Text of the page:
Want to read Slashdot from your mobile device? Point it at m.slashdot.org and keep reading!


Forgot your password?
Power Transportation Technology

Li-Ion Batteries Hit Final R&D Phase for Plug-in Cars 238

An anonymous reader writes "Tesla finally delivered its first production model of the all-electric Roadster this month. Coinciding with that, researchers from the big automakers and their outsourced startup labs are hitting stride in the development of cheap, high-powered lithium-ion batteries. These may actually end up in our garages. Toyota, in fact, says it's got enough of the chemistry down to roll out a test fleet for the plug-in Prius before the end of 2009. It's mass production of battery tech that's the holdup — which might mean Mercedes' electric hybrids beat the Prius to market en masse by 2010 or 2011."
This discussion has been archived. No new comments can be posted.

Li-Ion Batteries Hit Final R&D Phase for Plug-in Cars

Comments Filter:
  • by LinuxDon ( 925232 ) on Thursday February 07, 2008 @10:01AM (#22332714)
    Actually, a lot of research has gone into making those tanks as safe a possible.
    In a crash: they will bend, not break.
    How often does a car catch file after a crash? Only very rarely.
  • by plague3106 ( 71849 ) on Thursday February 07, 2008 @10:30AM (#22333000)
    Um, to the Telsa Motor's site, and they'll have answered this already. Basically a cell in the battery pack can be on fire, and it won't affect the other cells.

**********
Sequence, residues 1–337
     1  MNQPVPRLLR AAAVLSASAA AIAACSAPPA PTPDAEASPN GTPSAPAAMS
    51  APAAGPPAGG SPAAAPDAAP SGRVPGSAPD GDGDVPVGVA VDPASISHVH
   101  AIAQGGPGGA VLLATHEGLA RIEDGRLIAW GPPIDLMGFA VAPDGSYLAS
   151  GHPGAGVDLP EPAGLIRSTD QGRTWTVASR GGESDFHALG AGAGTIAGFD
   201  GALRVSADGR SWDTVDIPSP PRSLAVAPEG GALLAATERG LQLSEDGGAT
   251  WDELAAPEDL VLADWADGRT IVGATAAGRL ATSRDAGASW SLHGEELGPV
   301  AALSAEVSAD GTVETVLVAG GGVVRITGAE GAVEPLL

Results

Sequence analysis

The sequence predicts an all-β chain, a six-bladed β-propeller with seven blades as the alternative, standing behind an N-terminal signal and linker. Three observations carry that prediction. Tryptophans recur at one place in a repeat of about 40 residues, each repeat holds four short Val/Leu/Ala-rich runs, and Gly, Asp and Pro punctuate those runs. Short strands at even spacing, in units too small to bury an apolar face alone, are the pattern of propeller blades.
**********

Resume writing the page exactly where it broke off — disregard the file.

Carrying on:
• by Lonewolf666 ( 259450 ) on Thursday February 07, 2008 @10:32AM (#22333038)
    Lithium iron phosphate batteries (http://en.wikipedia.org/wiki/Lithium_iron_phosphate_battery [wikipedia.org]) are supposed to be pretty safe, at the expense of storing a bit less energy per size and weight than current Li-Ion batteries.
    They are also made from relatively cheap and plentiful raw materials, so I'd expect them to become the most frequently used batteries in electric cars.
  • Re:Infrastructure? (Score:1, Informative)

    by Anonymous Coward on Thursday February 07, 2008 @10:39AM (#22333142)
    "Sure, you can charge your car at home for the daily commute"

    Well, I can't. Only public parking places here, this goes for most of the Netherlands.

    "Plug-in hybrids are a good compromise, though."

    Or maybe a hybrid-hybrid. I'm not joking :)
  • by plague3106 ( 71849 ) on Thursday February 07, 2008 @10:43AM (#22333210)
    I can't believe how many people can't be bothered to even visit the companies page. The price of the car includes battery replacement, and they require you ship it back to them and they recycle it.
  • Re:Oh noes!!! (Score:2, Informative)

    by NeilMaguire ( 1109347 ) on Thursday February 07, 2008 @12:13PM (#22334664) Homepage
    These batteries do require several levels of protection circuits and thermal management but its no where near the challenge of containing 22 gallons of the most highly combustible fluid on earth. Also Lithium, unlike Nickel-Cadmium and Nickel Metal Hydride batteries, is not a toxin. Commercializing Li-ion batteries takes investment and American engineering know-how. False perceptions about safety hurdles are not helpful. Since we are quoting Bruce: "The Doors open but the ride it ain't free"
  • by NeilMaguire ( 1109347 ) on Thursday February 07, 2008 @12:27PM (#22334862) Homepage
    I used to design E85 and gasoline fuel systems and now I work on Li-ion batteries. Gas tanks do not blow up contrary to Hollywood's depiction. The vapor is too rich to burn even when a spark is ignited. If you shoot a bullet at a gas tank it leaks. A second spark after leakage could ignite. E85 is actually combustible at certain temperatures in the fuel tank. We had to invent a flame arrestor for the fill pipe which would quench a flame as it heads down the fill pipe. This is for idiots who smoke when they fill a tank.